The title of the exhibition, Allegro barbaro, is a tribute to the piano score written by the young Béla Bartók in 1911. It aims to revive, one hundred years on, the rich dialogue that existed between the arts in Hungary on the eve of the 20th century. Music and painting resonated with the same spirit of renewal at that time. Hungary was committed to embracing European modernity while still expressing its attachment to a culture and an idiom that conveyed its unique character within the Austro-Hungarian Empire.
Just at the moment when Béla Bartók’s first symphony, Kossuth, had its debut in Budapest in 1904, young Hungarian painters appeared on the national scene. These artists were as “lively and barbarous” as the composer.
Having embraced Fauvism for a while, (Béla Czóbel, Géza Bornemisza, Sándor Ziffer, among others), they would not have objected to this description any more than those who would later form the group called Nyolcak [The Eight] (Ödön Márffy, Róbert Berény, Károly Kernstok in particular), or the Activists led by Lajos Kassák (Sándor Bortnyik, Béla Uitz, László Moholy-Nagy...), or the musicians, poets and art critics of the Hungarian avant-garde in the years leading up to the First World War.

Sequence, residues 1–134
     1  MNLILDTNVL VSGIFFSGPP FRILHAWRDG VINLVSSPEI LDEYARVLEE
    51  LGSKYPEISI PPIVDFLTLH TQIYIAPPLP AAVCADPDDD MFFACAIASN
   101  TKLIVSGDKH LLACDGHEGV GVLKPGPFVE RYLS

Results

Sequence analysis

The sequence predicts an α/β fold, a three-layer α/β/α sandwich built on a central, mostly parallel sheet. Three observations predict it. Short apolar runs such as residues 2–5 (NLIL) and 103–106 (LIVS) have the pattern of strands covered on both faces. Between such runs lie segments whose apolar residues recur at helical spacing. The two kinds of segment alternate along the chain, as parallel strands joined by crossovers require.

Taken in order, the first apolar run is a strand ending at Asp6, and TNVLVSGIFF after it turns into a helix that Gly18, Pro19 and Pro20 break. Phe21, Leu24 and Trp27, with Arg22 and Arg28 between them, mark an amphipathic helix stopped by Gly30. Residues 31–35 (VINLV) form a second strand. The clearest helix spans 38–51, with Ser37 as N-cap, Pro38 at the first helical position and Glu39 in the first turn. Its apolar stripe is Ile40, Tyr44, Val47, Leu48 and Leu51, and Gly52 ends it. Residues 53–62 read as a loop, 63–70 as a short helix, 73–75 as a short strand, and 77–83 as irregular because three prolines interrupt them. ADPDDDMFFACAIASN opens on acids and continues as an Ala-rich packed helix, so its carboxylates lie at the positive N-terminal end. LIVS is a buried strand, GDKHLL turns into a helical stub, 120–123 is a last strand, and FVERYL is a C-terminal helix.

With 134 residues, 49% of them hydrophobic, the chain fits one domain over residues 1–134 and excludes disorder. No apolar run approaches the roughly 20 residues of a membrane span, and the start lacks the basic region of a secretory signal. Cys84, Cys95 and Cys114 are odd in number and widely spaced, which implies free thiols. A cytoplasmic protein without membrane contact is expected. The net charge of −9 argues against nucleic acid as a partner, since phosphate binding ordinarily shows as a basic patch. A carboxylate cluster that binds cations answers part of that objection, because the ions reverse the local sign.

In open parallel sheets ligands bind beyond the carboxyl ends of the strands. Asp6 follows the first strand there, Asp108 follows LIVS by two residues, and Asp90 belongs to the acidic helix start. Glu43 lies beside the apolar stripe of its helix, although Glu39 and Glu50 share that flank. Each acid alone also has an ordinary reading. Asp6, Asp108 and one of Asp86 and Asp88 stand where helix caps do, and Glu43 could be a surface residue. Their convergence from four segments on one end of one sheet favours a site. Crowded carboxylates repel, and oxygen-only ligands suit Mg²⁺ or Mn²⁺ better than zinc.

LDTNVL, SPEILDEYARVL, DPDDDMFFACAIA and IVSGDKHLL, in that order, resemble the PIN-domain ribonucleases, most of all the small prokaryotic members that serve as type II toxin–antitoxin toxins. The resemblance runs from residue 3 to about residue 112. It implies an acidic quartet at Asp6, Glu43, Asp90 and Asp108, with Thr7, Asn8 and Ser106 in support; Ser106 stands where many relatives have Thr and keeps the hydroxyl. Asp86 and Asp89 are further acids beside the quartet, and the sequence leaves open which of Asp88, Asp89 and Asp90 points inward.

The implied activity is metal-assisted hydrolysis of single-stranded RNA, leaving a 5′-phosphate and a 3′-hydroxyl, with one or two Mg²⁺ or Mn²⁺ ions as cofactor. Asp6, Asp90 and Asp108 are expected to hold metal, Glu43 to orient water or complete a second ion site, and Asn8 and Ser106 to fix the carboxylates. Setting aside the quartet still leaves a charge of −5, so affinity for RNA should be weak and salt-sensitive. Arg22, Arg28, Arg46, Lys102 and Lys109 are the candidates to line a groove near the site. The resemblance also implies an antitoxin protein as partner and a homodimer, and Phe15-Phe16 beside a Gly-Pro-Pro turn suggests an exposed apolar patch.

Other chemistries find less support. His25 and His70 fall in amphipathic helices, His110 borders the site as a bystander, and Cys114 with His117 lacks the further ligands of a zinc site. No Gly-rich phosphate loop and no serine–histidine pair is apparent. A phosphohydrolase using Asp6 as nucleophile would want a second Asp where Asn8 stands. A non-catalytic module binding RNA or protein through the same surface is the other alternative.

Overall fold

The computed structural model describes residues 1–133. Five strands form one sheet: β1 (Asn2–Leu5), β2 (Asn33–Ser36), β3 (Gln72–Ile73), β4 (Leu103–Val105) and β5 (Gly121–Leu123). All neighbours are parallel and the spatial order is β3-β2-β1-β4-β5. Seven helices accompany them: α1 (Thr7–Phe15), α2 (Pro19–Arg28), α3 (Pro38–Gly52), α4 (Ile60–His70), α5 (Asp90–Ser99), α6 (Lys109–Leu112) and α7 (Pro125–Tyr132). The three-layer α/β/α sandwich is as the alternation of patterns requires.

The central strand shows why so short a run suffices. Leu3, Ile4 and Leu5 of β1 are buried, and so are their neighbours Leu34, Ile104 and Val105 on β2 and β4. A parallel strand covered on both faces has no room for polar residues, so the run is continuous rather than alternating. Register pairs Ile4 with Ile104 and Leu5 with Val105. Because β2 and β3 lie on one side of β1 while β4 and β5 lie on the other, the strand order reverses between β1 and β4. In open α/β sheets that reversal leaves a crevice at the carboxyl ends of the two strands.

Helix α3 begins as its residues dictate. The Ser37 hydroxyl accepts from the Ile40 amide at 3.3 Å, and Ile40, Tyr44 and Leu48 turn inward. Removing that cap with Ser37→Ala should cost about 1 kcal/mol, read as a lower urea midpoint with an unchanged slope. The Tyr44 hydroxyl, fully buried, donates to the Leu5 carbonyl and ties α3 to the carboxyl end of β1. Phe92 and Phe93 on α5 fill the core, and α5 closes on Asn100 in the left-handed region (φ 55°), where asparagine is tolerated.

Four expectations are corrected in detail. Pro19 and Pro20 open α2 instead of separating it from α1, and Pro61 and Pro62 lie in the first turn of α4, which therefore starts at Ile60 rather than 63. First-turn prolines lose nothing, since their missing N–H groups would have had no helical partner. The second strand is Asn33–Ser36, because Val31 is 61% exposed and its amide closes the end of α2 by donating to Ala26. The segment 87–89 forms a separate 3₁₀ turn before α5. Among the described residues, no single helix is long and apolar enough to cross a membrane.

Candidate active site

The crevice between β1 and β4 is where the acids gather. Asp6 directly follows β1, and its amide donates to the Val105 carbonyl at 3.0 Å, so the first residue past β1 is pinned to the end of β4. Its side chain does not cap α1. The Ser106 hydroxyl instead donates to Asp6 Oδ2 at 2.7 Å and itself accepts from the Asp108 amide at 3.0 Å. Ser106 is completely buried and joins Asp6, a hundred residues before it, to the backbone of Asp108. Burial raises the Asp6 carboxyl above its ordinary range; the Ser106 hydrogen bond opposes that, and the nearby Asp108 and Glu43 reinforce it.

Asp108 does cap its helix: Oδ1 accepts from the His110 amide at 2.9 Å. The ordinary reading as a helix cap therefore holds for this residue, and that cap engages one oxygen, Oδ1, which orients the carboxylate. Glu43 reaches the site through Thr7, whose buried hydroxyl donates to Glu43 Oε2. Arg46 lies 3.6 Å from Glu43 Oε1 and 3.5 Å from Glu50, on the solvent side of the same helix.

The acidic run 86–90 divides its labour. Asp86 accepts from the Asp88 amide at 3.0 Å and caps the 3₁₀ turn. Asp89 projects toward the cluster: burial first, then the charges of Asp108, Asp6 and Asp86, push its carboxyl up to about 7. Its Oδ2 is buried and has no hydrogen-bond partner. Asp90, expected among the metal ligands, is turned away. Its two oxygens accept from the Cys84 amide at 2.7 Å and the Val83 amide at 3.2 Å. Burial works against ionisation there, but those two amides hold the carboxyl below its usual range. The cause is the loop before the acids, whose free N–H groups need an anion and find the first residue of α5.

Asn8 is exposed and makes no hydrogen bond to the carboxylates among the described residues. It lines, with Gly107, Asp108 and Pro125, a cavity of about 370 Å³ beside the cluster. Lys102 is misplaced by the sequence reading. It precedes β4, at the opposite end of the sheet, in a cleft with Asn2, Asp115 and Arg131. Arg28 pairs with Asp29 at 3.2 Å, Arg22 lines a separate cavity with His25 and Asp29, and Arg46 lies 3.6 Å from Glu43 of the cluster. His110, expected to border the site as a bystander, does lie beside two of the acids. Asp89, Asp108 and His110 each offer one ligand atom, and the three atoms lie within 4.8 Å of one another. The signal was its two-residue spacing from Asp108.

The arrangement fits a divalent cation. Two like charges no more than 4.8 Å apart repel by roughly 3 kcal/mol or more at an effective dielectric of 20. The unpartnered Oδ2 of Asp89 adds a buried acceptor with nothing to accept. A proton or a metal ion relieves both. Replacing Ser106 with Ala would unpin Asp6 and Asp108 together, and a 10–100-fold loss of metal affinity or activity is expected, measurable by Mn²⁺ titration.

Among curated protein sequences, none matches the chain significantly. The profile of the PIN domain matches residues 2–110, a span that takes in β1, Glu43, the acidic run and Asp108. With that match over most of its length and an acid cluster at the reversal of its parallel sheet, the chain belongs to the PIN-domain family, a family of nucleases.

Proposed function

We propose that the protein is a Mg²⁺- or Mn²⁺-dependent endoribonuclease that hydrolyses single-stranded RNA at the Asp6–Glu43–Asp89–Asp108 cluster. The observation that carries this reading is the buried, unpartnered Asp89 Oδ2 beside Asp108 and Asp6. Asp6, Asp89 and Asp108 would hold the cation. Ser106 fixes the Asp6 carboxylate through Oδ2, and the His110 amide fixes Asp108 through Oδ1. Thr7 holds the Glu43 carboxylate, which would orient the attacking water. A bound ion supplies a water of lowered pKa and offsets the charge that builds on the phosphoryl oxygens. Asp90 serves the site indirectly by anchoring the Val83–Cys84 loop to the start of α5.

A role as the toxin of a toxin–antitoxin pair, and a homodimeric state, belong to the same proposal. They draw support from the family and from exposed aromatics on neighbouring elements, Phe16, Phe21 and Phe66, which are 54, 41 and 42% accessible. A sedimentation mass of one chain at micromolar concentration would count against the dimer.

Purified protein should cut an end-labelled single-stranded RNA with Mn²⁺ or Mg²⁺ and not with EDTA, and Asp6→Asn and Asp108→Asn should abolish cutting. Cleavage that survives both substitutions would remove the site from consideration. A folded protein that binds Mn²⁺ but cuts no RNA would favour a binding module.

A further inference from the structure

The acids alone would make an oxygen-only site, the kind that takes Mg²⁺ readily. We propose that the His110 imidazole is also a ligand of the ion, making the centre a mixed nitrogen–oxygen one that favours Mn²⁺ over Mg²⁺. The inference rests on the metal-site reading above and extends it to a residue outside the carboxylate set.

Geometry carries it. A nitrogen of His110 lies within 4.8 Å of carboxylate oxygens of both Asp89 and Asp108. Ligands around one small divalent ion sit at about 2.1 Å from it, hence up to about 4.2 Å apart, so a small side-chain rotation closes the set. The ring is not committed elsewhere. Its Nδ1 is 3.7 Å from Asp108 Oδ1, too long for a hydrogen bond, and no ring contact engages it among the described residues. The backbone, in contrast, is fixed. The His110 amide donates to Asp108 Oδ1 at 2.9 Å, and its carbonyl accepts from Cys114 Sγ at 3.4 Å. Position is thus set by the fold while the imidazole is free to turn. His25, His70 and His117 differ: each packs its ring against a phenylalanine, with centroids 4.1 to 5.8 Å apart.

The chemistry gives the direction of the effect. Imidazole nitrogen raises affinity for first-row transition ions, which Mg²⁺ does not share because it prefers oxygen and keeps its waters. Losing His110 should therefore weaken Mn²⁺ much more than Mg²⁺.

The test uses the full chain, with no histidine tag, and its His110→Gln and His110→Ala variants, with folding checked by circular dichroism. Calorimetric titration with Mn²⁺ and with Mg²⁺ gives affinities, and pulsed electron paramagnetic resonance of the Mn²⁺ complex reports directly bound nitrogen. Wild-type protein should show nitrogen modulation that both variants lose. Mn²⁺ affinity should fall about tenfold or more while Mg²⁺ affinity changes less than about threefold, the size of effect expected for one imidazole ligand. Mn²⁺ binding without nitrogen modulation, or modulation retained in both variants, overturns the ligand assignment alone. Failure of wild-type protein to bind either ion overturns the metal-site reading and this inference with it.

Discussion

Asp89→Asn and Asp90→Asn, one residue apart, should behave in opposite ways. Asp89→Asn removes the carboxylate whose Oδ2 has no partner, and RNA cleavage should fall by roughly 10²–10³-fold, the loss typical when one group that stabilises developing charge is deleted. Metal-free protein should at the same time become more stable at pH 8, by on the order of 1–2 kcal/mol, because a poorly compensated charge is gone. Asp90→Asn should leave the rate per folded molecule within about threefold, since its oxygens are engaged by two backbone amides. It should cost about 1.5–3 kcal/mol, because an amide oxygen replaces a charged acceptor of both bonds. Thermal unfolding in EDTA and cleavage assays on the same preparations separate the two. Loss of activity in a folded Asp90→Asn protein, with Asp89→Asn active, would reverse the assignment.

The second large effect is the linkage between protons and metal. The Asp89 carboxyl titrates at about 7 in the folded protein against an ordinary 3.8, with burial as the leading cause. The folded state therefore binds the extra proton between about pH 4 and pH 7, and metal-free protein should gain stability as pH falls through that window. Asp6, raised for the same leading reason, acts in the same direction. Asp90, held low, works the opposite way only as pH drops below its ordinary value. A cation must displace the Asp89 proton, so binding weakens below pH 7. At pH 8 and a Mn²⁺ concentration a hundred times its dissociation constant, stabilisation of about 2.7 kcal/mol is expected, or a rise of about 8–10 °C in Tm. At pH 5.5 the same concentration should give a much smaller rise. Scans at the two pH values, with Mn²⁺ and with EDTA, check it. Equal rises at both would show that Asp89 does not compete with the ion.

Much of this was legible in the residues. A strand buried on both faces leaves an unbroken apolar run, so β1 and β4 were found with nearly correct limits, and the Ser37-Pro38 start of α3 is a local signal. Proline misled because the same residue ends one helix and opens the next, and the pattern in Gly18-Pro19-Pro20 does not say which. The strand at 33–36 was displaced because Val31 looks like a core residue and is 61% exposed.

Accompanied by Bartók’s music, this exhibition takes the visitor on a moving and historical tour among artworks that share the rhythms of Bartók’s vehement, percussive scores.